Damian Marley on 5 Great Reggae Protest Songs
Bob Marley’s youngest son shouts out Capleton, Bounty Killer, his brother Ziggy and more
“To call these songs protest songs is almost redundant,” says Damian Marley of a playlist he put together for Rolling Stone. “Reggae is a very ‘speak your mind’ kind of genre. That’s what the music is for; that’s what it does. Reggae music speaks out without any apology and talks the whole truth without fear, even if it’s an offense to the bigger heads who may be in a position of power. All of these songs do that.” Marley, whose new album Stony Hill hit in July, shared his thoughts on the tracks below.
Bounty Killer, “Look Into My Eyes”
That’s a very powerful song. The way it’s written is very poetic. There’s something about the way he talks about all the details in the life of a so-called gangster in Jamaica that makes you feel everything. It’s very real, the song brings everything that he’s talking about to life. “Look into my my eyes/Tell me what you see/Can you feel my pain?/Am I your enemy?/Give us a better way/Things are really bad/The only friend I know/Is this gun I have.” I remember when this song came out it was really speaking to what was happening in the streets at the time.
Capleton, “Jah Jah City”
In this song Capleton is talking about Jamaica, which of course is more than just a city. As the birthplace of Rastafari, Jamaica will always have a strong connection to His Majesty himself and Jah people. In that sense it is a holy city for the faithful. The lyrics to this song are really blazing a fire on all the corruption that’s going on behind the scenes, and speaking to the crime and violence that so often happens in such a blessed place. That’s why Capleton says “They want to turn it inna Cowboy Town,” almost like a Wild West shootout. Jamaica is a country of great extremes – you can have the most amazing experiences with some really good people and you can also have the complete opposite of that.
Cham, “Ghetto Story”
This is another song by Dave Kelly, the producer who wrote “Look Into My Eyes” and many more great dancehall songs. The whole story here is very real, in terms of the way some youths may travel with their family to the U.S. and they get in a position to send down some guns or whatever else. I did not grow up in the ghetto, but my family has always been in touch with both downtown and uptown. I’ve had a few friends along the way, good people living a hard life who got themselves into difficult situations like this. This song is extremely relatable to real things that happen. And I just love all the little details, how the boy’s hair is never combed and he refuses to take a bath. I always like songs that bring you into the story they’re telling with those kinds of tangible details. You can feel it.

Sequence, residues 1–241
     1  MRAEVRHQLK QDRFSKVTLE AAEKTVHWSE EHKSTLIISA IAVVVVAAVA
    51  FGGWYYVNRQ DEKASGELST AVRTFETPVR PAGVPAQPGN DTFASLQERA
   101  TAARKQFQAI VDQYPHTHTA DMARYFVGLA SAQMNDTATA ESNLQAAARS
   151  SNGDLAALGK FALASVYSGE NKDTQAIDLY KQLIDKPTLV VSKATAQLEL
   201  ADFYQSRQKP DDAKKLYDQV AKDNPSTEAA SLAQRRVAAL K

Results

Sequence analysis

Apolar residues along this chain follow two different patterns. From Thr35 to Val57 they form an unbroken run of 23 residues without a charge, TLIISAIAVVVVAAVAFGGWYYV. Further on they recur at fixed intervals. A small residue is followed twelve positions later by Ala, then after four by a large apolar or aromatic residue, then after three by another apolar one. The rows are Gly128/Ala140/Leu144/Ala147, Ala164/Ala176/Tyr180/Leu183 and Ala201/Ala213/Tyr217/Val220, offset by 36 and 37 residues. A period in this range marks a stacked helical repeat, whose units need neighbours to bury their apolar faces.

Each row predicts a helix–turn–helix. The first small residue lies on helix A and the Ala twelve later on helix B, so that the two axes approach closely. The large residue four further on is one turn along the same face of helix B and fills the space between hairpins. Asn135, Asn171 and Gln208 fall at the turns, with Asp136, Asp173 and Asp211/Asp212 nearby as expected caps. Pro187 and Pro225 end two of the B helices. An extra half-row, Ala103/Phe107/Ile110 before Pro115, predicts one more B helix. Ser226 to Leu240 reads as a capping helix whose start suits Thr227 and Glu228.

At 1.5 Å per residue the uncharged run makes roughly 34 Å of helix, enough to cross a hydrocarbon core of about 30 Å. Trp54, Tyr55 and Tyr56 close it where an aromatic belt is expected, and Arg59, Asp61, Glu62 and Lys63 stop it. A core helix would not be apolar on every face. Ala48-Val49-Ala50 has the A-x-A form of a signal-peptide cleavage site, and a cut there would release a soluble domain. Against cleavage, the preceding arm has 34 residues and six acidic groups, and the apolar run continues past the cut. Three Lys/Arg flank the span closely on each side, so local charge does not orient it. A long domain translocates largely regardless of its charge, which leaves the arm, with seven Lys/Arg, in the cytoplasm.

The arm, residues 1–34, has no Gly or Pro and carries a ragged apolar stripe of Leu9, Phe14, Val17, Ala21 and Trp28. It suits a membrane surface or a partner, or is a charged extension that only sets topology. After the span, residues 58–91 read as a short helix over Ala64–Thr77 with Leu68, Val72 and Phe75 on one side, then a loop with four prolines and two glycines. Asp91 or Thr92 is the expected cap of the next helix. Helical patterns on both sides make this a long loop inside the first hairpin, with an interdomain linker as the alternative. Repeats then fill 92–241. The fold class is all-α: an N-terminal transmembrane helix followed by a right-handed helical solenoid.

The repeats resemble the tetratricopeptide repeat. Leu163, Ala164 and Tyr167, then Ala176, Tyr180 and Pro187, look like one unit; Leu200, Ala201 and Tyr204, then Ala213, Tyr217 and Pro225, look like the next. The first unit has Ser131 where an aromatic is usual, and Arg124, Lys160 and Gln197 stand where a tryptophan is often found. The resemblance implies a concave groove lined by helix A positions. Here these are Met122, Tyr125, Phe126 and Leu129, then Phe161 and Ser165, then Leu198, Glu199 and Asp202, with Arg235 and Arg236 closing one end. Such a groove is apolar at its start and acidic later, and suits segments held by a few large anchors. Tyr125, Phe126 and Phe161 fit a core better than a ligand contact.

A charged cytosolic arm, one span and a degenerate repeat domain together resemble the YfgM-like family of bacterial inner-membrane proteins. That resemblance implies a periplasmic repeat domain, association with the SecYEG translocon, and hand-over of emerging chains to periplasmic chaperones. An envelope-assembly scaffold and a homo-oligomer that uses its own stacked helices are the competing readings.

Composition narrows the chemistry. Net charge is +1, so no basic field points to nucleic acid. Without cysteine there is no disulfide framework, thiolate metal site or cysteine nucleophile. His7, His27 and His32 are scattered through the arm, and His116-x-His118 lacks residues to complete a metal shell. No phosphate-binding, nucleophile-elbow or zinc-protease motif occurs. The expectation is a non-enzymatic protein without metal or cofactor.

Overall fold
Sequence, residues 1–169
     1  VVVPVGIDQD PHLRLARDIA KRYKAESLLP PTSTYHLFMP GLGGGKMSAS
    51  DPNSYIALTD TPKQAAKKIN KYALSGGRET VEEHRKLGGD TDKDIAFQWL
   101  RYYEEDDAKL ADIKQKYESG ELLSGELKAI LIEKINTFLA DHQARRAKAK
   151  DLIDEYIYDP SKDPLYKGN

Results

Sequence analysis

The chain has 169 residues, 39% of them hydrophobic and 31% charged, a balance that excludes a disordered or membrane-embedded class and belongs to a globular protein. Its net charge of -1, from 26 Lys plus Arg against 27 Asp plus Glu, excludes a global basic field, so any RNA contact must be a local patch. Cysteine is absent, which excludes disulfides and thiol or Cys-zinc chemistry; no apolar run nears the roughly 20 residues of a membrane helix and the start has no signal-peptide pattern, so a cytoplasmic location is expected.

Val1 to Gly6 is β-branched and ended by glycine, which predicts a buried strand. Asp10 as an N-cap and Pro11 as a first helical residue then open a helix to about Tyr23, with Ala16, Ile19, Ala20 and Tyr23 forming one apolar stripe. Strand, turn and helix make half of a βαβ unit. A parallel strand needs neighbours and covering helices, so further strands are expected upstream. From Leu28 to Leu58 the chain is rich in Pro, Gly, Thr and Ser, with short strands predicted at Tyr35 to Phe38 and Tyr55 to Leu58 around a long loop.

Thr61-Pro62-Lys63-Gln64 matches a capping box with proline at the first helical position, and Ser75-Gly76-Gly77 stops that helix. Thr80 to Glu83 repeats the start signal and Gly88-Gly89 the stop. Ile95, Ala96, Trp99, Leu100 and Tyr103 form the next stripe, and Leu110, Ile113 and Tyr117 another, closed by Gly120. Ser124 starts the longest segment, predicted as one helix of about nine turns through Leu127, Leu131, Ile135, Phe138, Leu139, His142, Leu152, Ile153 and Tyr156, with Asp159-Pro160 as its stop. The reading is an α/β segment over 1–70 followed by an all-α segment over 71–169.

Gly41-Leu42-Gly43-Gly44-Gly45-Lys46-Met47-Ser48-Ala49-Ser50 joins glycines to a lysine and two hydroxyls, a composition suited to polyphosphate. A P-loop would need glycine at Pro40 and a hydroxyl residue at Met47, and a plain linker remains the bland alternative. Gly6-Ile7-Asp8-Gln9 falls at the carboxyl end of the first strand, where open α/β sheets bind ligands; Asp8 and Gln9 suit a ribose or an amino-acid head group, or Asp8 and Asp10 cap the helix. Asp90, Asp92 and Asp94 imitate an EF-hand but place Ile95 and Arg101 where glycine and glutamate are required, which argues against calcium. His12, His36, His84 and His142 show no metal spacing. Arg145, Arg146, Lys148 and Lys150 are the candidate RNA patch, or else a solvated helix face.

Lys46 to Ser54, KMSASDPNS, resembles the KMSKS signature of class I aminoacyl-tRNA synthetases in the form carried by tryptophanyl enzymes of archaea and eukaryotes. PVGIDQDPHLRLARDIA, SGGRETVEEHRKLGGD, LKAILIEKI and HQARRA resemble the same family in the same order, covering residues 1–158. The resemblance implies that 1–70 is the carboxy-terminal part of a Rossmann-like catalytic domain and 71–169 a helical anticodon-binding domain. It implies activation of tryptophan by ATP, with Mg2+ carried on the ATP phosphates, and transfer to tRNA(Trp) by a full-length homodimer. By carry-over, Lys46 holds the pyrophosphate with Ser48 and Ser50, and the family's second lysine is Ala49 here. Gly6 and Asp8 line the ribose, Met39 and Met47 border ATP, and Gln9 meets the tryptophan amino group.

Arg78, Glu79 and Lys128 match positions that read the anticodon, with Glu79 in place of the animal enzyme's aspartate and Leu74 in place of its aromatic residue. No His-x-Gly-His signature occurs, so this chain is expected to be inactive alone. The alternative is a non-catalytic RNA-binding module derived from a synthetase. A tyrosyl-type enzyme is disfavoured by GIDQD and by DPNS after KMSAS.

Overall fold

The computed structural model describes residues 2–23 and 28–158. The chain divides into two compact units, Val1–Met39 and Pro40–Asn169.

Ziggy Marley and the Melody Makers, “Problems”
I decided to choose something a little bit unexpected here and go for a Melody Makers song off their One Bright Day album. My brother Ziggy is such an underrated writer. The Melody Makers did some really great work and it seems like some people don’t remember. This song isn’t very well known, but the lyrics on this are crazy! He’s breaking down all the different kinds of problems – starvation, sufferation, segregation – and saying we’ve got to solve them. I can almost hear a rapper or a dancehall DJ on the chorus.
Damian Marley, “Is It Worth It? (Gunman World)”
My final selection is one of my own. This is a song that talks about the reality of what actually happens in the life of someone who makes his living in this way. One thing that I’ve learned in my life is that people are just people, and as I say in the song, “Mankind will do what they must to survive.” Sometimes when you meet these people you’ve been hearing about – whether it’s policemen and politicians or thugs – they’re neither as great as you thought they would be nor as bad as you think. Some people think about the image of a gunman and for them it’s all about the machismo of the big man with the big gun and “busting shots” and all of that. But what about those days when a gunman hasn’t had a good night’s rest? Does he feel cranky in the morning? What does a gunman pray about? What is he thinking when he kisses his kids to sleep? Those are the questions that I’m interested in because at the end of the song you realize maybe you have more in common with this gunman than you ever thought you would.